The next big thing in energy might be a battery installed outside or inside your home. Huge batteries like Tesla’s Powerwall can store electricity from on-site renewable energy sources or from the power grid, then release it later for household use. Photo: Tesla Mo
Improved technology for energy storage requires bigger, lighter, cheaper, more durable batteries—and around the clock power—to fuel renewable energy
Now, if saving the electricity generated by sunshine were as easy as catching rainwater in a barrel, then renewable energy production would be a lot more appealing for the masses. I think about this every time I take a tour of a high-tech, low-energy-consumption home.
As I walk through the rooms, I pretend what it would be like to actually live there. Where do you put the groceries? How much light is there over the kitchen sink? I wonder how I’d use the fancy stove to fix dinner, and where I’d put the ironing board in the laundry room. Where’s the switch for the bathroom exhaust fan?
I also look at the energy-efficiency labels on the heating and air-conditioning system and the water heater. Then I focus on the rooftop solar panels—and that’s when I go into full investigator mode. How much electricity do those panels produce during the day? What happens on cloudy days or at night when the sun isn’t shining?
Evolving battery technologies
On brilliantly sunny days, a solar array might produce more electricity than all the devices within the home need at the time. Being able to store that surplus quickly, safely, and simply, then withdrawing the electricity for use after sunset, would make sense. It’s easy enough to charge a cell phone’s tiny battery now and use it later—but developing a way to save larger quantities of electricity for a whole household has been a tough challenge.
A key problem involves the chemistry inside conventional lithium-ion batteries. Because of their internal construction and the chemical reactions taking place within them, this kind of battery can go into “thermal runaway.” That’s a fancy term for uncontrolled heating that can destroy the battery or, even worse, cause it to catch on fire. When enlarging a lithium-ion battery to the size needed for a whole house, one solution is to include a cooling and ventilation system.
That’s the route Tesla took when it announced its new Powerwall system early in 2015. Weighing 220 pounds, and about the size of a large television (roughly 51 inches tall, 34 inches wide, and 7 inches thick), the wall-mounted box includes a liquid thermal control system to prevent over-heating. The Powerwall device can store electricity from solar panels, then release it later to provide power to operate kitchen and laundry room appliances, heating and cooling systems, even TVs. The list price of $3,000 does not include professional installation by a trained electrician, nor does it include the cost of the required inverter for use with solar panels.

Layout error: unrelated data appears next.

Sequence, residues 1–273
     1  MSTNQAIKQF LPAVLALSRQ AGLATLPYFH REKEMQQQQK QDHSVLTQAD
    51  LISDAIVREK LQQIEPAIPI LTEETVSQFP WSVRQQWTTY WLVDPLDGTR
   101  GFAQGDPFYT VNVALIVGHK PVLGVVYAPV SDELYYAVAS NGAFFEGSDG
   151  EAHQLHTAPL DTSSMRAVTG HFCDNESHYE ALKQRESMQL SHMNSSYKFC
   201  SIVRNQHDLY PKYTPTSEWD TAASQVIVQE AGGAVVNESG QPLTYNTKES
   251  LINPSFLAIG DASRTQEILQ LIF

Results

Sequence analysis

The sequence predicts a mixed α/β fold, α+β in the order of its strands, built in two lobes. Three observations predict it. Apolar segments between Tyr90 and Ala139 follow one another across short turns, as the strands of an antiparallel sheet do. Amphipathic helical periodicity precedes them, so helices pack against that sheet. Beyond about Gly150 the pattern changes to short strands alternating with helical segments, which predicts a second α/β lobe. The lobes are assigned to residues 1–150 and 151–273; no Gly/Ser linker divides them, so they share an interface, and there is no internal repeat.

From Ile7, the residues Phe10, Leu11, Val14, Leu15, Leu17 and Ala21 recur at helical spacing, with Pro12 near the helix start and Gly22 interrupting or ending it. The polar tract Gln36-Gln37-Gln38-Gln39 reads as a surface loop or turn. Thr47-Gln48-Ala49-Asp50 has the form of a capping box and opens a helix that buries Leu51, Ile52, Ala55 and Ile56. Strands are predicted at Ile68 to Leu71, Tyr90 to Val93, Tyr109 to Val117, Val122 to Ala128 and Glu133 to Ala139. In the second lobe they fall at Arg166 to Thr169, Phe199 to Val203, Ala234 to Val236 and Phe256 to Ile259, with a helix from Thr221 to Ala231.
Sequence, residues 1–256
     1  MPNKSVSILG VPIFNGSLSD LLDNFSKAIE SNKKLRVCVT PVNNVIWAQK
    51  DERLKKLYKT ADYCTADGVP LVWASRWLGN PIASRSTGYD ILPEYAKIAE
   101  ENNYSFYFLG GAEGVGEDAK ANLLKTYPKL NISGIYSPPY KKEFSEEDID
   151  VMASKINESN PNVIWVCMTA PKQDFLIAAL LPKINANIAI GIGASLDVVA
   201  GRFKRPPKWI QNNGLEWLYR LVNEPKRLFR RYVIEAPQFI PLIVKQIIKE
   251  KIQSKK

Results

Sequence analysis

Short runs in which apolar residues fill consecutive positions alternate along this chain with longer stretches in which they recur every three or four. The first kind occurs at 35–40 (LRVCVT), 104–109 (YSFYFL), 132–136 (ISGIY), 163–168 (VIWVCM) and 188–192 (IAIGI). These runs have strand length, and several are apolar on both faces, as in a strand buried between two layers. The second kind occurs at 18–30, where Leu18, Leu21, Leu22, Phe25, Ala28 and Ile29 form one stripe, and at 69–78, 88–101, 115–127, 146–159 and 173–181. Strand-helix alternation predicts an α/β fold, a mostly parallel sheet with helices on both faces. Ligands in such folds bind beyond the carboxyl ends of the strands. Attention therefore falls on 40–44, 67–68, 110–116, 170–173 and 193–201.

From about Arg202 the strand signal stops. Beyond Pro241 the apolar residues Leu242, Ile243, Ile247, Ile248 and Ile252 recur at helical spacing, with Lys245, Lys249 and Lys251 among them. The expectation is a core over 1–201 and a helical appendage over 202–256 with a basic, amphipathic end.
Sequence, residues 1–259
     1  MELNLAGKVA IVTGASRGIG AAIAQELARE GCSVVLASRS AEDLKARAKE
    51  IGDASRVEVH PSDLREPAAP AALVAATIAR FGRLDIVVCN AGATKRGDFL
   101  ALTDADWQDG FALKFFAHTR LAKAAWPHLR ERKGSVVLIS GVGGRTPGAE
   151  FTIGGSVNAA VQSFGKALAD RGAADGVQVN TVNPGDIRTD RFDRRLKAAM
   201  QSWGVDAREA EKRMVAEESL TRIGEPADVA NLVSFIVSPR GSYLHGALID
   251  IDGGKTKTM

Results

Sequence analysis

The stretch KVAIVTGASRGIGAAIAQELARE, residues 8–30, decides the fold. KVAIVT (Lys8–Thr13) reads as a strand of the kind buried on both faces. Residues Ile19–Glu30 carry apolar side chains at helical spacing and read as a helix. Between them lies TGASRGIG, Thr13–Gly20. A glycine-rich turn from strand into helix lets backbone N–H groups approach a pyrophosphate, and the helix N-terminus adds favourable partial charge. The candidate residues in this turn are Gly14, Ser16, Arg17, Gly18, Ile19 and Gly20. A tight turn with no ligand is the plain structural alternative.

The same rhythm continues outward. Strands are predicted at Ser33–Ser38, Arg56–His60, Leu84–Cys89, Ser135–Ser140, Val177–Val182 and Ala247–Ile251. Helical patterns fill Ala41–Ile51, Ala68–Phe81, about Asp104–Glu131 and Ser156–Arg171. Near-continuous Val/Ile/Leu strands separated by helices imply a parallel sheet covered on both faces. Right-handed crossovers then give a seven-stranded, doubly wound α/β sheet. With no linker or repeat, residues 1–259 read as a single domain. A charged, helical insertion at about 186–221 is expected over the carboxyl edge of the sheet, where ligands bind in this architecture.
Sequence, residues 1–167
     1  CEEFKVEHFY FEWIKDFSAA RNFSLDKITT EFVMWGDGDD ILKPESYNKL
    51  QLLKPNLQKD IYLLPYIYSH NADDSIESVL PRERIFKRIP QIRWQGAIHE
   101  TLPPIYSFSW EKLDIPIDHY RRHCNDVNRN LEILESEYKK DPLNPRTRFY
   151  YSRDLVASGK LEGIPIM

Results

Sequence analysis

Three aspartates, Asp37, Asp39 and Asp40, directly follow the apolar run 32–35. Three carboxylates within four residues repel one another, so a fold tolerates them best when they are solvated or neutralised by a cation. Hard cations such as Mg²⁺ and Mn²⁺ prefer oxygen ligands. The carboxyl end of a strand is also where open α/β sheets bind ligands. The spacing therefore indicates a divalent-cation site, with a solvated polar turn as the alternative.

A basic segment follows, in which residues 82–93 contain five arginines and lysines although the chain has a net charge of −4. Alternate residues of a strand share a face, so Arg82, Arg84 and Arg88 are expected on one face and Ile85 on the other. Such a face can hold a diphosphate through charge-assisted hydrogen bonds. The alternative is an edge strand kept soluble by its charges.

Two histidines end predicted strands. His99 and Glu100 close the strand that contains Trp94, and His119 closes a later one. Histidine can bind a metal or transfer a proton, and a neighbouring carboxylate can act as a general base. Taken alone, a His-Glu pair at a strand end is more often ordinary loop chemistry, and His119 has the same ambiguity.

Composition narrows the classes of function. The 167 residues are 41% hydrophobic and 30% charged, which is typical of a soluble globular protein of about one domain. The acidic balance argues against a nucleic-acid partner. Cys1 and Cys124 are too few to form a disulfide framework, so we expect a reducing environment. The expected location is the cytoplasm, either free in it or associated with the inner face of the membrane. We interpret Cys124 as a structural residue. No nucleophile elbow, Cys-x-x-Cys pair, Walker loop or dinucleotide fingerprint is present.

During the September 2015 Solar Power International showcase in Anaheim, California, another company, SimpliPhi Power Inc., introduced a different technology. According to their advertising materials, their home energy storage battery uses a different combination of chemicals (lithium-ion iron phosphate, no cobalt) that is nontoxic, lightweight, and does not require a costly and bulky heat reduction system.
Yet another company, Orison, is looking for investors to launch production of a third style of home energy storage system that it describes as a “plug and play” device that does not require professional installation.
And there are a host of other innovative companies trying to take their latest battery breakthroughs to the adoption stage.
Wind power and grid options
Tesla’s Powerwall system can be configured to function with or without the conventional power grid. With the proper disconnects for safety reasons, the Powerwall device can provide household electricity during a grid outage. In that situation, it becomes a backup device.
But the Powerwall can also store electricity coming from the grid. That can be important in two situations. In areas with time-of-day pricing structures for electricity, it might be smart to store electricity from the grid in the device when power is cheap, then use it later when power directly from the grid would be very expensive. It could also help when electricity from wind turbines is flowing into the grid in large quantities at times when there is not much demand for power. The device could store the surplus, then release it as needed after the wind stops blowing.
While all of this is possible on paper, and in demonstration homes, whether or not consumers will want to spend the money on this new technology remains to be seen. Jason Ballard, co-founder and president of a sustainable home improvement store that offers Tesla’s Powerwall, says, “I think in the near future, having a battery in your home will be as normal as having a water heater or a dishwasher.”
In September 2015, Kauai Island Utility Cooperative (KIUC), Hawaii’s only member-owned electric utility, announced a plan to make use of the first utility-scale solar array and battery storage system designed to supply power to the grid in the evening, when demand is highest. The project is believed to be the first utility-scale system in the U.S. to provide dispatchable solar energy, meaning that the utility can count on electricity being available when it’s needed, even hours after the sun goes down.
KIUC President and CEO David Bissell says, “KIUC has been investigating energy storage options for more than two years and price has always been the biggest challenge. This is a breakthrough project on technology and on price that enables us to move solar energy to the peak demand hours in the evening and reduce the amount of fossil fuel we’re using.”
Nancy Grant, from February 2016 Kentucky Living magazine Issue